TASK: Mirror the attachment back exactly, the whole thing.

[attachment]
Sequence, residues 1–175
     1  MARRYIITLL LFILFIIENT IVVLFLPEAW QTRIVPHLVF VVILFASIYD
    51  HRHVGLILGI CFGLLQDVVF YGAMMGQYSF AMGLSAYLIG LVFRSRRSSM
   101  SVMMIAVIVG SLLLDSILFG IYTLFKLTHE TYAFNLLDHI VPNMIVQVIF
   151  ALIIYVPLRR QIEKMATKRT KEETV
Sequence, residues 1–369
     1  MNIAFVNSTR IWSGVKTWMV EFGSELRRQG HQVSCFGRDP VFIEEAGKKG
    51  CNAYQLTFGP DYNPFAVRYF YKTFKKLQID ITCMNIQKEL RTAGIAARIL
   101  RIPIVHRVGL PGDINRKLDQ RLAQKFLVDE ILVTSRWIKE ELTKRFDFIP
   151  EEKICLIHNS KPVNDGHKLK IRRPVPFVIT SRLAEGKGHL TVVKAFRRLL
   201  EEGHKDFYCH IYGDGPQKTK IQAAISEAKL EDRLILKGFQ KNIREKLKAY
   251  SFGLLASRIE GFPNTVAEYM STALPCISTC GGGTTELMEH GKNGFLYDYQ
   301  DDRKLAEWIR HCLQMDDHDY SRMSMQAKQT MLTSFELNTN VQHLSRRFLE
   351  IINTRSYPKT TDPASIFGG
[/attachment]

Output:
Sequence, residues 1–175
     1  MARRYIITLL LFILFIIENT IVVLFLPEAW QTRIVPHLVF VVILFASIYD
    51  HRHVGLILGI CFGLLQDVVF YGAMMGQYSF AMGLSAYLIG LVFRSRRSSM
   101  SVMMIAVIVG SLLLDSILFG IYTLFKLTHE TYAFNLLDHI VPNMIVQVIF
   151  ALIIYVPLRR QIEKMATKRT KEETV
Sequence, residues 1–369
     1  MNIAFVNSTR IWSGVKTWMV EFGSELRRQG HQVSCFGRDP VFIEEAGKKG
    51  CNAYQLTFGP DYNPFAVRYF YKTFKKLQID ITCMNIQKEL RTAGIAARIL
   101  RIPIVHRVGL PGDINRKLDQ RLAQKFLVDE ILVTSRWIKE ELTKRFDFIP
   151  EEKICLIHNS KPVNDGHKLK IRRPVPFVIT SRLAEGKGHL TVVKAFRRLL
   201  EEGHKDFYCH IYGDGPQKTK IQAAISEAKL EDRLILKGFQ KNIREKLKAY
   251  SFGLLASRIE GFPNTVAEYM STALPCISTC GGGTTELMEH GKNGFLYDYQ
   301  DDRKLAEWIR HCLQMDDHDY SRMSMQAKQT MLTSFELNTN VQHLSRRFLE
   351  IINTRSYPKT TDPASIFGG